CONSUMER REPORTS — What’s got an amazing aroma, costs around $5, and is bound to make your life easier? It’s a store-made rotisserie chicken! But as Consumer Reports explains, beneath that golden-brown skin could be sodium, and a lot of it.
Rotisserie chickens from the grocery store are tasty, convenient, and inexpensive. And chicken is a high-protein, low-saturated-fat meat. But don’t assume all rotisserie birds are a good choice. Consumer Reports nutritionists say you might be surprised at what goes into some rotisserie chickens — literally!
“To keep the birds moist and tasty, they are often injected with a solution that can include sugar, processed ingredients, and unfortunately a lot of sodium,” said Amy Keating, Consumer Reports expert.
“It is so easy to roast a chicken at home. We recommend you don’t wash it, just season it – put it in a 350 degrees oven until a meat thermometer reads 165 degrees. And it’ll be delicious and a lot less sodium,” Keating said.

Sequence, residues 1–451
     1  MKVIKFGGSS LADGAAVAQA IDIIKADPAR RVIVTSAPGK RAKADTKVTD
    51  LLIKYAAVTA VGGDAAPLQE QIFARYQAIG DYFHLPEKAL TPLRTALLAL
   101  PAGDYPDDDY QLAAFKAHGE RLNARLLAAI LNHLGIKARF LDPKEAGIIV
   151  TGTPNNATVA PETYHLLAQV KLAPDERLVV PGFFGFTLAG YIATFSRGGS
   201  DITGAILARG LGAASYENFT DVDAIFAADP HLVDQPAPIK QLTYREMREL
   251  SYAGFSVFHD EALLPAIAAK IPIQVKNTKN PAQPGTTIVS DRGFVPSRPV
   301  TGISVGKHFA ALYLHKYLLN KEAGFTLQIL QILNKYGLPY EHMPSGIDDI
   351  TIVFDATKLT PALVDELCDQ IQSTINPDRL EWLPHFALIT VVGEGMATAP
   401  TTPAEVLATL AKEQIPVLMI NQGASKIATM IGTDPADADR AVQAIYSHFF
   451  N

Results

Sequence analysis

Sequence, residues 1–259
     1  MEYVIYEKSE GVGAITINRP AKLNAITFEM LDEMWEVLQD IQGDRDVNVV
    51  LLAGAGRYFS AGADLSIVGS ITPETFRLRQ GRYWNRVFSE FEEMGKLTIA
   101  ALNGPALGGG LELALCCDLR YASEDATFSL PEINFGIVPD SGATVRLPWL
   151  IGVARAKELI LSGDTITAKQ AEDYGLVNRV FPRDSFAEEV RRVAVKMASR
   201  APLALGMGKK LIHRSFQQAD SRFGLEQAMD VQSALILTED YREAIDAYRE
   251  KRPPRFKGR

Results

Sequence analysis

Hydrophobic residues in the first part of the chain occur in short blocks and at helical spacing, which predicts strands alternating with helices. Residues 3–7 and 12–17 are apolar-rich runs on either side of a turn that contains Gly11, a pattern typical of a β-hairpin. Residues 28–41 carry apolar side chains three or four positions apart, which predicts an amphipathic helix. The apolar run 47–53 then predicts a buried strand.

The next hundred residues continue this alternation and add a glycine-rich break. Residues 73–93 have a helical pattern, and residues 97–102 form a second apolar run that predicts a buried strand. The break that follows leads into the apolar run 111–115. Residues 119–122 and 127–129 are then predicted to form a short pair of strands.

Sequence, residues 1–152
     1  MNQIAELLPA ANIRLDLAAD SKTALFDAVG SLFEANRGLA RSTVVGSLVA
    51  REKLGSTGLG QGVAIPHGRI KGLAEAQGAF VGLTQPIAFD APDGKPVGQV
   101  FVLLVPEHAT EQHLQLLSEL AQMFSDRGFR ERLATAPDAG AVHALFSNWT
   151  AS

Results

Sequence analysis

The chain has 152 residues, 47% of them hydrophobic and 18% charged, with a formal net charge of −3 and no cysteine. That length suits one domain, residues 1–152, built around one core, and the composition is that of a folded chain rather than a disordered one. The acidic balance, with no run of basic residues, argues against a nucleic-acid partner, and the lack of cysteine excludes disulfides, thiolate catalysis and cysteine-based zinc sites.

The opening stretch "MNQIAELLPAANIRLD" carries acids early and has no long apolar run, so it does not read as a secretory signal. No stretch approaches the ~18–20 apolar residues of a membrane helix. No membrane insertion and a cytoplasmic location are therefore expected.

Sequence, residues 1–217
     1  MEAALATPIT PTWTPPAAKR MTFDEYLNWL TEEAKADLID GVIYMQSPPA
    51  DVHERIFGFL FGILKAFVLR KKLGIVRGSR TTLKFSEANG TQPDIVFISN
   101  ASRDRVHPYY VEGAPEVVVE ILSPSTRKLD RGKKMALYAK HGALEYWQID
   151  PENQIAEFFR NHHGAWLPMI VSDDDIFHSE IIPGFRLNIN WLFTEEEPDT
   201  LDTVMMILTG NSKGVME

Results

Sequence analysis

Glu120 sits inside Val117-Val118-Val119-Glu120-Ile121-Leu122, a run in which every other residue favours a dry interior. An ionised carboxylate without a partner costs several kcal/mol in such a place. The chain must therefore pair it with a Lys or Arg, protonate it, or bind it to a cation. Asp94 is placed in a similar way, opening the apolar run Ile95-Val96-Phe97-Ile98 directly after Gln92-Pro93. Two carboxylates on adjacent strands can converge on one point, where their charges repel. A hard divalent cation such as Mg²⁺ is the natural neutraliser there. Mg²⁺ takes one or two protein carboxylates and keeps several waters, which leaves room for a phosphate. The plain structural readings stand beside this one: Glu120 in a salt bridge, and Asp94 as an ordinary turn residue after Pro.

Consumer Reports evaluated the nutritional information and ingredients for rotisserie chickens from seven supermarkets and warehouse clubs. Sam’s Club rotisserie chickens have about nine times more sodium than chickens roasted without salt, and about a quarter of the maximum amount of sodium adults should have in a day.
Costco’s famous rotisserie chickens aren’t much better. Lower sodium options include Kroger Simple Truth rotisserie chickens, Wegmans Organic rotisserie chickens, and Whole Foods organic and non-organic plain chicken.
Your chicken will last for up to four days in the fridge, or four months in the freezer. Cut it in pieces and wrap them tightly or store them in a covered container.
CR says the best time of day to grab a chicken is between about 4 p.m and 7 p.m., as many supermarkets cook up a fresh batch every two to four hours.